The Corner

On Conscience Rights for Delegates

If there is one basic tenet of representative democracy, it is that a vote not cast for somebody or something should not, cannot be counted as if it had been cast for that person or proposition.

But the Republican National Committee, in its infinite ethical confusion, threatens at the party’s national convention this month to count delegate abstentions as if they are votes for Donald Trump.

This is not just bizarre, but utterly fraudulent, wholly unethical and, were the party not technically a private organization, would be criminally punishable.

Now comes conservative stalwart Clint Cline, writing at The Pulse, to defend the right of delegates to vote their consciences or, as conscientious objectors, to abstain from voting.

“How can a Party so invested in protecting conscience rights in virtually every area of its platform deny those rights to duly elected delegates to its own convention?” Cline asks. “The message this sends clearly is that the RNC does not, in fact, respect those rights when conscience is inconvenient for its goal of crushing dissent.”

The word “delegate” has a meaning. By its very definition, it means someone to whom others have delegated some decision-making responsibility. Delegates are human beings, not bits of computer data (or, in old-fashioned parlance, not “rubber stamps”). Parties introduce the human element into the convention process for a reason — not just to make noise at a coronation, but to actually exercise judgment, based on all the latest information at hand.

The latest information at hand is that Donald Trump will be an almost certain loser in the fall. The latest information at hand is that Trump absolutely cannot “pivot” to a more “presidential” mien, any more than a leopard can change its spots or that a wolf can bleat like a sheep. The latest information — information that has come to light since Trump supposedly nailed down the nomination with his win in Indiana — is that Trump doesn’t just tend toward bigotry or seem strangely insensitive toward it, but foments it and bases statements and actions on it. The latest information is that Trump is an embarrassing skinflint when it comes to charity. And the latest information is that Trump still refuses to release his tax returns, thus failing to reassure his supposed party that he will not be subject in the fall campaign to a leak of information so embarrassing as to sink not just his own hopes but the campaigns of Republicans all the way down the ballot.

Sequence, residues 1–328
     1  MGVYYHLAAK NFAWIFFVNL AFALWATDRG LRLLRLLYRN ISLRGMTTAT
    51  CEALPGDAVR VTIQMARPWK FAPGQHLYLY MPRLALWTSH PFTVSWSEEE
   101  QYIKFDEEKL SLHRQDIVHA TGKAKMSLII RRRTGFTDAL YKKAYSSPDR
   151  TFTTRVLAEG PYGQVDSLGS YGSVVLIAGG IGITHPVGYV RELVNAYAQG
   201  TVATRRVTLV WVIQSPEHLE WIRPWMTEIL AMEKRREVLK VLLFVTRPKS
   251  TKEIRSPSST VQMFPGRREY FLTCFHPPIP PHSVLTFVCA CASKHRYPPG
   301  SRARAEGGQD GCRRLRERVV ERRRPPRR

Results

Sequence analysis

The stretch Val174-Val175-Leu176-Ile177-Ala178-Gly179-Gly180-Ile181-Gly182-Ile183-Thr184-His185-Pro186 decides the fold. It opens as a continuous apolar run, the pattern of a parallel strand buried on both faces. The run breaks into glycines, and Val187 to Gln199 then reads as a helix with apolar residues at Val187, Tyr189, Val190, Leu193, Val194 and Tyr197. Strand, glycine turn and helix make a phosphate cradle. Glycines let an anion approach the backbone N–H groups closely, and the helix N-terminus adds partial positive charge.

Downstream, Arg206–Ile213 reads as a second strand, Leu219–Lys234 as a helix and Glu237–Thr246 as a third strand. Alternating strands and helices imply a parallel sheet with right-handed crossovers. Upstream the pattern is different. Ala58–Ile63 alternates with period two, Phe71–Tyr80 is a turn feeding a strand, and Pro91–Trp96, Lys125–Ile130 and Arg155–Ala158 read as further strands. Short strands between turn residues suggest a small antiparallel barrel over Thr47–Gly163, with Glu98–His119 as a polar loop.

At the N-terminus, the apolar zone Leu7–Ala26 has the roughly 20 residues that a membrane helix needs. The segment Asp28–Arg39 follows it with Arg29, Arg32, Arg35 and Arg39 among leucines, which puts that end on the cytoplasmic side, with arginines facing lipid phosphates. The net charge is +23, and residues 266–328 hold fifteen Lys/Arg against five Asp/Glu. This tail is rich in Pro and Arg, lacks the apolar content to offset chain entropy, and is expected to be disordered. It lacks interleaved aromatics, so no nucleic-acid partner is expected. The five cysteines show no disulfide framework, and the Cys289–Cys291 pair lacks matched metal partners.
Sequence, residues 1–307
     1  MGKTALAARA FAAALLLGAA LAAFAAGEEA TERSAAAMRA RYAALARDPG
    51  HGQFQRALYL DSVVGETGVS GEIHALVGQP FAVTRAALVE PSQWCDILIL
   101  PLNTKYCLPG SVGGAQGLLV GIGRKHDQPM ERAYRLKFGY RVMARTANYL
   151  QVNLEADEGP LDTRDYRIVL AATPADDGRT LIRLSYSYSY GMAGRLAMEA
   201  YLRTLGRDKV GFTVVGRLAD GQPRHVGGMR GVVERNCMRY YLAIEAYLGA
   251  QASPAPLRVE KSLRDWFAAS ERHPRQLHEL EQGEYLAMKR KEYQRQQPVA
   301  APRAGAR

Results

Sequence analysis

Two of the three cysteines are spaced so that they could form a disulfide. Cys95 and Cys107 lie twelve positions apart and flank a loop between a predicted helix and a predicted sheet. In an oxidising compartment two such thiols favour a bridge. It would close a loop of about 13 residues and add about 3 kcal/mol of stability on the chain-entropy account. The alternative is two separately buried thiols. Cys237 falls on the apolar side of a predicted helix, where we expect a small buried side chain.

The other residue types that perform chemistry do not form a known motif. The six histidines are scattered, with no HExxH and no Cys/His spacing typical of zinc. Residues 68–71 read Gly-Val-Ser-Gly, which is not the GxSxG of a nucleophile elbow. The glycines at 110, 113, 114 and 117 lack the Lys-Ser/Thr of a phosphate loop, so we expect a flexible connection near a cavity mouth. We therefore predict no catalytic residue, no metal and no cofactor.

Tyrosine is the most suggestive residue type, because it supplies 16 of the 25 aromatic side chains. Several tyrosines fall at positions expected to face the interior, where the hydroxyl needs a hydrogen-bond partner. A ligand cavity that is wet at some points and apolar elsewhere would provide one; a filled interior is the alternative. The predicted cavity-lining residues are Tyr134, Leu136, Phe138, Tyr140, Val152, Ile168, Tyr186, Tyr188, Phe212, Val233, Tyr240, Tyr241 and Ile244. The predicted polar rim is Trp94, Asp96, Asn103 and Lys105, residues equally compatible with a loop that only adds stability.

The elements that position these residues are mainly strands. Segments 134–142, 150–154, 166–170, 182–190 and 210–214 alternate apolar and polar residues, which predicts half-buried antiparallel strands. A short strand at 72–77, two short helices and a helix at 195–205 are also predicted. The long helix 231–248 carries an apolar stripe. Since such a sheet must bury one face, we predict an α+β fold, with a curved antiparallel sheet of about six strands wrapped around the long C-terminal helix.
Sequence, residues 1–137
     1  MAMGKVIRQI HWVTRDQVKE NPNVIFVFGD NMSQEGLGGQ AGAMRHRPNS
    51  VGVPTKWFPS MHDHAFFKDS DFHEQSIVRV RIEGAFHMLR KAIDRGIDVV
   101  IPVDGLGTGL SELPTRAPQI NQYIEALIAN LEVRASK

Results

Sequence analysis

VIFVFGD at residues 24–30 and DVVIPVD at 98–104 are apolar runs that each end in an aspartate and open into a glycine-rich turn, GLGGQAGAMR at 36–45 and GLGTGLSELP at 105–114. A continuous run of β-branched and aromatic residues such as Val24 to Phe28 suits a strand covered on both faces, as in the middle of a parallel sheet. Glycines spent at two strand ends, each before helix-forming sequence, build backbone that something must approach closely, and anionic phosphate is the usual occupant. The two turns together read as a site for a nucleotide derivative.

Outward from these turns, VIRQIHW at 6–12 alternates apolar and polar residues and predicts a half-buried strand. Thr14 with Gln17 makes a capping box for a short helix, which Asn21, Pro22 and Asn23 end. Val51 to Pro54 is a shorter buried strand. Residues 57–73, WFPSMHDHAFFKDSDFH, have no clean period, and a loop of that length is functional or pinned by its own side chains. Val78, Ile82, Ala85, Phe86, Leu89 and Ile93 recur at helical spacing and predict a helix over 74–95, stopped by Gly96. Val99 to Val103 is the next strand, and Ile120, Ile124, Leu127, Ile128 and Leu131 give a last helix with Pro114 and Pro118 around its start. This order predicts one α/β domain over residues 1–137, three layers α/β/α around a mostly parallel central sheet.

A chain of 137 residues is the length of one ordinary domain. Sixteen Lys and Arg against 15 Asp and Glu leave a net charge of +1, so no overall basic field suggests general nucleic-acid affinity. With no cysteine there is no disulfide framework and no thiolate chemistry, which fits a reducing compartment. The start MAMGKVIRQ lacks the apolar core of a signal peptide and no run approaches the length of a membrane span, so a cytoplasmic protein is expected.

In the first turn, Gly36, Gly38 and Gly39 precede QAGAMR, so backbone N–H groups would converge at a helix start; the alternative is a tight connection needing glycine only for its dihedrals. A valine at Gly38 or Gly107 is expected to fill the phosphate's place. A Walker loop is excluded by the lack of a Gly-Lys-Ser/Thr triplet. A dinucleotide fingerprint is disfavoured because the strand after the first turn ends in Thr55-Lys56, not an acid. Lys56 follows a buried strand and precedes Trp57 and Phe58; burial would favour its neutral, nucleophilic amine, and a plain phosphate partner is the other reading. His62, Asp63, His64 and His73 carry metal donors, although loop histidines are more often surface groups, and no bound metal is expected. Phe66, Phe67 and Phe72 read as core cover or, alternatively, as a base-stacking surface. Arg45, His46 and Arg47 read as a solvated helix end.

Delegates taking in all the latest information have every good reason to want to save their party from such a nominee.

It is understandable for state parties to want to “bind” their delegates on the first ballot of a convention so they don’t vote for candidates their constituents did not choose. But it is despicable to count votes not cast — abstentions — as if they had indeed been cast. A deliberate abstention is a vote of no confidence, a vote that the expected nominee is unfit to serve. In this case, it would be an abstention that is eminently reasonable, indeed wise. Any party that tries to strong-arm delegates or, worse, to literally override delegates’ votes of conscience, is a party not fit for a great republic.

Plus, as Cline writes, “If the RNC is so confident of Mr. Trump’s suitability and popularity among Republican faithful, then what do they have to fear from delegates voting their conscience?”


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